Reprogramming cardiomyocyte mechanosensing by crosstalk between integrins and hyaluronic acid receptors
ABSTRACT The elastic modulus of bioengineered materials has a strong influence on the phenotype of many cells including cardiomyocytes. On polyacrylamide (PAA) gels that are laminated with ligands for integrins, cardiac myocytes develop well organized sarcomeres only when cultured on substrates with elastic moduli in the range 10 kPa-30 kPa, near those of the healthy tissue. On stiffer substrates (>60 kPa) approximating the damaged heart, myocytes form stress fiber-like filament bundles but lack organized sarcomeres or an elongated shape. On soft (<1 kPa) PAA gels myocytes exhibit disorganized actin networks and sarcomeres. However, when the polyacrylamide matrix is replaced by hyaluronic acid (HA) as the gel network to which integrin ligands are attached, robust development of functional neonatal rat ventricular myocytes occurs on gels with elastic moduli of 200 Pa, a stiffness far below that of the neonatal heart and on which myocytes would be amorphous and dysfunctional when cultured on polyacrylamide-based gels. The HA matrix by itself is not adhesive for myocytes, and the myocyte phenotype depends on the type of integrin ligand that is incorporated within the HA gel, with fibronectin, gelatin, or fibrinogen being more effective than collagen I. These results show that HA alters the integrin-dependent stiffness response of cells in vitro and suggests that expression of HA within the extracellular matrix (ECM) in vivo might similarly alter the response of cells that bind the ECM through integrins. The integration of HA with integrin-specific ECM signaling proteins provides a rationale for engineering a new class of soft hybrid hydrogels that can be used in therapeutic strategies to reverse the remodeling of the injured myocardium.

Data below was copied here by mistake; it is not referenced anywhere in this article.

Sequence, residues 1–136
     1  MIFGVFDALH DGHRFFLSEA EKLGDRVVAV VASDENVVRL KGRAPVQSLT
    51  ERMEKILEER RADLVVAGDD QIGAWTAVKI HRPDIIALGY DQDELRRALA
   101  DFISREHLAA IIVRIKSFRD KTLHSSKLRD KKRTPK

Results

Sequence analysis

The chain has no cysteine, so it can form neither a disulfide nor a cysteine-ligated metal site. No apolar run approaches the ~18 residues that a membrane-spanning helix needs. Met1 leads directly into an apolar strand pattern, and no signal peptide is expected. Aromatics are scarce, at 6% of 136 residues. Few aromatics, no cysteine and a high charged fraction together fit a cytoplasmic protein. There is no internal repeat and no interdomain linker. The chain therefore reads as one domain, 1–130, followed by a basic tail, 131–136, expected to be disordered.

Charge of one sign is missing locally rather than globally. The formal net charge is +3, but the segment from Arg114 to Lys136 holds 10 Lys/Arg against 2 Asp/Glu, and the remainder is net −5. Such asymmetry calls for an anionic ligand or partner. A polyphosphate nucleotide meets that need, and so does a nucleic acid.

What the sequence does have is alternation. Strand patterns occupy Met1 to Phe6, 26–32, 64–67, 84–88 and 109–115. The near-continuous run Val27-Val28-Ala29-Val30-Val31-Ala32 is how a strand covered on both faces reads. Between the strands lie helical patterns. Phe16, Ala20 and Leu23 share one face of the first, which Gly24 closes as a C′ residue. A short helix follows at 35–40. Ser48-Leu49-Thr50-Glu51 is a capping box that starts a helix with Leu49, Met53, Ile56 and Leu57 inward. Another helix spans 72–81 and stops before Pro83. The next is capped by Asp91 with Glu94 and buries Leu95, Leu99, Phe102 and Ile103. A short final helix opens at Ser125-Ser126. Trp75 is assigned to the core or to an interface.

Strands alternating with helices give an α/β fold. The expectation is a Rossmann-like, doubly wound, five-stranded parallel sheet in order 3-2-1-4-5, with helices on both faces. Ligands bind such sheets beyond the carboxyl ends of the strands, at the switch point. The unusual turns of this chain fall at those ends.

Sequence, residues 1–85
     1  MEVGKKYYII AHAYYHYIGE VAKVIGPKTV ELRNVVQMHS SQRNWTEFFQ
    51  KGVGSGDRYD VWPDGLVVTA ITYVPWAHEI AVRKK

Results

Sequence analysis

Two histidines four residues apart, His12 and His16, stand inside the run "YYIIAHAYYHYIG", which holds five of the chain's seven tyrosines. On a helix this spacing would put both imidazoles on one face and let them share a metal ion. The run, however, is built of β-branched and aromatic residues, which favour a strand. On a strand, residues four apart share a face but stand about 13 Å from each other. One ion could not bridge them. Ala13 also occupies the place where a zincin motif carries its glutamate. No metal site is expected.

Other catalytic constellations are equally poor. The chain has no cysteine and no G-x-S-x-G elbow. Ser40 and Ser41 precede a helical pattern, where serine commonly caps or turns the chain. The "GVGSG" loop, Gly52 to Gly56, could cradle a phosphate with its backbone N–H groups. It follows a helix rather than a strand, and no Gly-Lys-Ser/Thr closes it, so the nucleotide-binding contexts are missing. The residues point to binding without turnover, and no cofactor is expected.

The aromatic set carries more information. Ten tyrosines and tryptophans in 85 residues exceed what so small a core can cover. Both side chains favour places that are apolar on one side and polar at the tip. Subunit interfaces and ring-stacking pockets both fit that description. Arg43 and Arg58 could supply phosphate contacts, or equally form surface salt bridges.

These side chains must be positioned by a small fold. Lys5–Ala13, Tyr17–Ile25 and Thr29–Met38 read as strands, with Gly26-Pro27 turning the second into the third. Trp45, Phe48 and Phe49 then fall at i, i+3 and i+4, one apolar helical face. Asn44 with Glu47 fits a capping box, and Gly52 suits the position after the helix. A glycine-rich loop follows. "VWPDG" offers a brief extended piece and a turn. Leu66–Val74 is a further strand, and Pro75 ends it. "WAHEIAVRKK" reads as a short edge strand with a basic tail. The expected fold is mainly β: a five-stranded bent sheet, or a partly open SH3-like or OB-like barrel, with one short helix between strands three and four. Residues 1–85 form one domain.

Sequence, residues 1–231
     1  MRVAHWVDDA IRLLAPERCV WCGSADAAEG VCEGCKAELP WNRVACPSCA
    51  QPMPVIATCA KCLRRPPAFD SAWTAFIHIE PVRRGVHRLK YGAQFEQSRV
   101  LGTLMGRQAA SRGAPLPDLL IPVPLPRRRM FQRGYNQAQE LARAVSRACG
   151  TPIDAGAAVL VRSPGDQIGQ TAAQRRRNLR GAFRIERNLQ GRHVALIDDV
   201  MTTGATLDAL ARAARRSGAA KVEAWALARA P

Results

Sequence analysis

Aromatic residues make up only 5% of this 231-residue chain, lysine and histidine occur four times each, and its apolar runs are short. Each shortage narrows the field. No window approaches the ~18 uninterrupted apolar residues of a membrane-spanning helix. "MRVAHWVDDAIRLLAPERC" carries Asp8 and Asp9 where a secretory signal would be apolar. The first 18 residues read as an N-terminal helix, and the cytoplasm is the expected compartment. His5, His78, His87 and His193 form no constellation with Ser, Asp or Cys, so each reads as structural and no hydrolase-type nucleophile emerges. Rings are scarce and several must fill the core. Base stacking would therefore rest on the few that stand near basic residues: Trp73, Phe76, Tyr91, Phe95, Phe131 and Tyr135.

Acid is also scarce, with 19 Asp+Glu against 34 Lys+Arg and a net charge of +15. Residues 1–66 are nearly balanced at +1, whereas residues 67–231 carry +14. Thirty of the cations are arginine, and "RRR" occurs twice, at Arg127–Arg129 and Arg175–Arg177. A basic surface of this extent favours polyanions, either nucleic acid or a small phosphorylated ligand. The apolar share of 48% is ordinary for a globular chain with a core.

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ABSTRACT: The extracellular matrix is no longer considered a static support structure for cells, but a dynamic signaling network with the power to influence cell, tissue and whole organ physiology. In the myocardium, cardiac fibroblasts are the primary cell type responsible for the synthesis, deposition and degradation of matrix proteins and they therefore play a critical role in the development and maintenance of functional heart tissue. This review will summarize the extensive research conducted in vivo and in vitro demonstrating the influence of both physical and chemical stimuli on cardiac fibroblasts and how these interactions impact both cardiomyocytes and the extracellular matrix. This work is of considerable significance given that cardiovascular diseases are marked by extensive remodeling of the extracellular matrix, which ultimately impairs the functional capacity of the heart. We seek to summarize the unique role of cardiac fibroblasts in normal cardiac development and the most prevalent cardiac pathologies including congenital heart defects, hypertension, hypertrophy, and the remodeled heart following myocardial infarction. We will conclude by identifying existing holes in the research that, if answered, have the potential to dramatically improve current therapeutic strategies for the repair and regeneration of damaged myocardium via mechanotransductive signaling.Journal of Biomechanical Engineering 05/2013; DOI:10.1115/1.4024349 · 1.75 Impact Factor